On January 13, 2012, I test drove a 1993 Mercedes-Benz 500SEL at Master Car Sales in Pomona, California. The car has a black and grey two tone exterior with a black leather interior. The asking price is $3,900 and the car has 217,000 miles. Under the hood of this 500SEL is a 5.0 liter V8 engine (codenamed M119) that produces 315 horsepower @ 5600 rpm and 347 lb-ft of torque @ 3900 rpm. The transmission is a four speed automatic, which is codenamed 4G-Tronic, and has standard rear wheel drive. The W140 chassis S-Classes are some of my all time favorite cars. I have always been a big fan of them. The W140s debuted in 1991 in the European market replacing the W126 S-Classes. The W140s came to the North American market for the 1992 model year. They came with many different engine options in all parts of the world, from small Inline 6 diesels to 6.0 liter V12s. From 1991 to 1993, the nameplates for the W140s started with the engine displacement numbers (e.g. 300SE, 400SE, 500SEL, and 600SEL), and from 1994 to 1999, the nameplates started with S for S-Class and then were followed by the engine displacement numbers (e.g. S320, S420, S500, and S600). The W140 is also known to be the car that Princess Diana was killed in, back in 1997. Although she was killed in a serious crash, W140s have been known to be safe and solid vehicles. They can just be expensive to keep maintained. In 1999, the W140 was retired by Mercedes and was replaced by the W220 S-Class. I am hoping to eventually come across a W140 S600 or 600SEL to test drive. Both have 6.0 liter 12 cylinder engines. They are harder to find and more expensive to buy. Now, let’s get back to the test drive.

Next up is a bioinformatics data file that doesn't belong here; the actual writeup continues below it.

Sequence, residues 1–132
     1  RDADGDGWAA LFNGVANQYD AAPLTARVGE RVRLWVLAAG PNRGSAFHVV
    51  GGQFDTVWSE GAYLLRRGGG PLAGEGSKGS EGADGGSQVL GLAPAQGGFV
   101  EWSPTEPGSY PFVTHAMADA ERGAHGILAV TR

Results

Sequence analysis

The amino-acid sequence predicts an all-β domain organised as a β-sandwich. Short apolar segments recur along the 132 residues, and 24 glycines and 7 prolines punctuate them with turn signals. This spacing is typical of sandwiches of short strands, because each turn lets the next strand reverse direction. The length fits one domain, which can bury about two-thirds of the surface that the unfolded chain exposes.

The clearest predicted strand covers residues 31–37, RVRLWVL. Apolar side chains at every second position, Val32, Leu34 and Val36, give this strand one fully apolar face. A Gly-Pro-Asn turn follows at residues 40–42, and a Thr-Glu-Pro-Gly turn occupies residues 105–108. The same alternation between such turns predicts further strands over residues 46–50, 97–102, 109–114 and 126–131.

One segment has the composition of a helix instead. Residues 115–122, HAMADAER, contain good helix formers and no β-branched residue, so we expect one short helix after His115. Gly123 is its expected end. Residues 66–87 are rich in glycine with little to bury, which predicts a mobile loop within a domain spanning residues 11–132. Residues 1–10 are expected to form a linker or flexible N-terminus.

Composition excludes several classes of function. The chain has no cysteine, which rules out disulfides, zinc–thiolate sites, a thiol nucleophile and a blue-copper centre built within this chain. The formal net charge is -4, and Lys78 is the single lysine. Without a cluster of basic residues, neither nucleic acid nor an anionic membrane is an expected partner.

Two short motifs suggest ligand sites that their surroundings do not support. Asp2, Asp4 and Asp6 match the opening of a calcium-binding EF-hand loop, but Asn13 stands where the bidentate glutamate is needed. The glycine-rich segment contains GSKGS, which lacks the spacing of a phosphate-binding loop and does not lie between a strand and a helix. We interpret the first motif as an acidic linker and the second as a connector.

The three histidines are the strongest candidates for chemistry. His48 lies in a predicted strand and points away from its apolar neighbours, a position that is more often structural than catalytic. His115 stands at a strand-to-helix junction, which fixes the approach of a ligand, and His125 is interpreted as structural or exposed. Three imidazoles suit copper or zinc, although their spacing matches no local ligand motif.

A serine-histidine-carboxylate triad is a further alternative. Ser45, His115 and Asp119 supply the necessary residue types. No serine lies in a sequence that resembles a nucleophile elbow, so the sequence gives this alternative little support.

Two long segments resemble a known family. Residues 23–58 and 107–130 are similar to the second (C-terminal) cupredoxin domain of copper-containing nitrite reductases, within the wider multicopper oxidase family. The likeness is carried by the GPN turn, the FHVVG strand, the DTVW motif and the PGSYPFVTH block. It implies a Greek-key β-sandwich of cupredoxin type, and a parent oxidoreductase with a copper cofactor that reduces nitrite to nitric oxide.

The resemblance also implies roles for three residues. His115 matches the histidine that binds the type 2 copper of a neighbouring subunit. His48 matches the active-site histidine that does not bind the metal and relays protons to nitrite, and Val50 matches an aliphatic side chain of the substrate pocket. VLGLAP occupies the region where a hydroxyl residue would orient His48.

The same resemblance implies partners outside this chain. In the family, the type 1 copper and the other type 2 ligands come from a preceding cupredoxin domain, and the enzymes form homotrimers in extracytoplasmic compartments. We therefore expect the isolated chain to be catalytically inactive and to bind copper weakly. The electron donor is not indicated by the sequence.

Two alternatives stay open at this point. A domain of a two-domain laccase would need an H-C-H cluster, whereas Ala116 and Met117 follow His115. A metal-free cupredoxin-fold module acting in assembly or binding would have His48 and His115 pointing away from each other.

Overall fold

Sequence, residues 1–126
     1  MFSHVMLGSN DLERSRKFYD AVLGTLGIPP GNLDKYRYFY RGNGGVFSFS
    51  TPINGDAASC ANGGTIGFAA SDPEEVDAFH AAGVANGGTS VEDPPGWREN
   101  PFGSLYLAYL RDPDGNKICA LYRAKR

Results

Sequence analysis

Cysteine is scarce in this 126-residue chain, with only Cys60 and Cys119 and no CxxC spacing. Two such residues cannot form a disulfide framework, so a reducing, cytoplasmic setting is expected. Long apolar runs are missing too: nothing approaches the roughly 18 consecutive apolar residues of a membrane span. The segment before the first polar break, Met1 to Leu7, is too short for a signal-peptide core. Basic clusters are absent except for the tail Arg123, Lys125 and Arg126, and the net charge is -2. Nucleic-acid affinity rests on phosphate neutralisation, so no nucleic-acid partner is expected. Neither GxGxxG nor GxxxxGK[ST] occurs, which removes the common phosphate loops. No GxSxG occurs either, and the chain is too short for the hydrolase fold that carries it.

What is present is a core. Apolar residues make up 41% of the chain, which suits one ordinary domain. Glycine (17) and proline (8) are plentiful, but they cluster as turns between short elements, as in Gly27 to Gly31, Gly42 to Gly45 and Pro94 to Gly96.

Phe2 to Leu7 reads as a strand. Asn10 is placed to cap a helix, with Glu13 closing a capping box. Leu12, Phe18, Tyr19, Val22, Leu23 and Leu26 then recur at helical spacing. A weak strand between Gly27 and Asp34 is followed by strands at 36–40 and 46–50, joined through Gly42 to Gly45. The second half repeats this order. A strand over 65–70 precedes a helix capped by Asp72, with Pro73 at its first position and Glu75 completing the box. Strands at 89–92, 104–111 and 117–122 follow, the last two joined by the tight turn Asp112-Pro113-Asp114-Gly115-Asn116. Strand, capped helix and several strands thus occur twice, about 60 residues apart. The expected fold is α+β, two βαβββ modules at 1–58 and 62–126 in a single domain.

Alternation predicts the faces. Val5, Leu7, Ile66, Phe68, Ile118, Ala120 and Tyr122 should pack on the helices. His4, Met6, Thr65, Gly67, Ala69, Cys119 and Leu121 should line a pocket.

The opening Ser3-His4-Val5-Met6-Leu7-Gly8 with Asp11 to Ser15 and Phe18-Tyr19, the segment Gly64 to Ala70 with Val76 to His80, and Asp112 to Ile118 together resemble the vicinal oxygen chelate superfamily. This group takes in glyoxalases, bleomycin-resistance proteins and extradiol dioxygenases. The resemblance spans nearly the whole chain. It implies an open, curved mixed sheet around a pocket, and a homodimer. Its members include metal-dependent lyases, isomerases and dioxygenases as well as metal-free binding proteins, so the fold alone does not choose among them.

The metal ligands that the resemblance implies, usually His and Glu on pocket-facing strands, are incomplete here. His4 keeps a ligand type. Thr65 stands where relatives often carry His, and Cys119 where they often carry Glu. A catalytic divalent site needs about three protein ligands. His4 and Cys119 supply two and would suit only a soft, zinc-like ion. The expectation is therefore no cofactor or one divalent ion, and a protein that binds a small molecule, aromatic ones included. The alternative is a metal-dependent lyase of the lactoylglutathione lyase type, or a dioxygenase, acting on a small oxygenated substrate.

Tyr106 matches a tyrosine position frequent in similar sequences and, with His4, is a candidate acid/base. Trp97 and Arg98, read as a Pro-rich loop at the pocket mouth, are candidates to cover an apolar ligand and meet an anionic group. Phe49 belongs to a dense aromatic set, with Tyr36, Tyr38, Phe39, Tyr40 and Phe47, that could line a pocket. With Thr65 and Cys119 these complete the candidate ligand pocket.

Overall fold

I called the dealer before I went to go look at the car to make sure it was still on the lot. It wasn’t in a nice part of town, but I didn’t let that bother me. The car was parked by the fence, and the salesperson was sitting down near a barbeque eating lunch when I walked onto the lot. I never got what his name was. I told him that I called earlier asking if the car was on the lot. He went to go grab the key and while doing so I walked around the car for any damage. As you can see in the pictures, the wheels on the car are from a newer S-class. They were from a W221 chassis S550. In the car’s advertisement online, it said that it has new tires. It actually needs new tires, as these were about to go bald. On the driver’s side fender there were some cracks in the paint, as well as the left quarter panel and trunk lid. The back bumper had some scrapes from previous cargo going in and out of the trunk. The front bumper did have some scrapes from hitting other objects, and there was some sun bake on the passenger fender. The salesman told me that the hood was repainted. If it was, the person who did it didn’t do a professional job on it. The interior was in good shape for its age; however, the leather felt dry. When I opened all of the doors, they felt heavy and solid. I didn’t think anything bad of them. I assumed that they were to make the vehicle safer in side impact collisions. The salesman came back with the key, and then I started the car. With older Mercedes vehicles, they have the annoying seat belt buzzer that that lasts for about five seconds. That’s my least favorite thing about these cars. For the next two minutes, I tested the electrical components. Everything such as the windows, locks, mirrors, and radio worked excellent; even the electronic rear window shade. The air conditioning didn’t blow out cold air like it should have. It may need to be recharged or repaired. The radio and climate control buttons took some time to figure out as well. The glass for the side windows were dual pane. I like to call them bullet proof windows because of the thickness. The main purpose is to keep the interior noise quiet while on the road. I asked the salesman if I can test drive it. He got into the driver’s seat and moved the car out onto the street.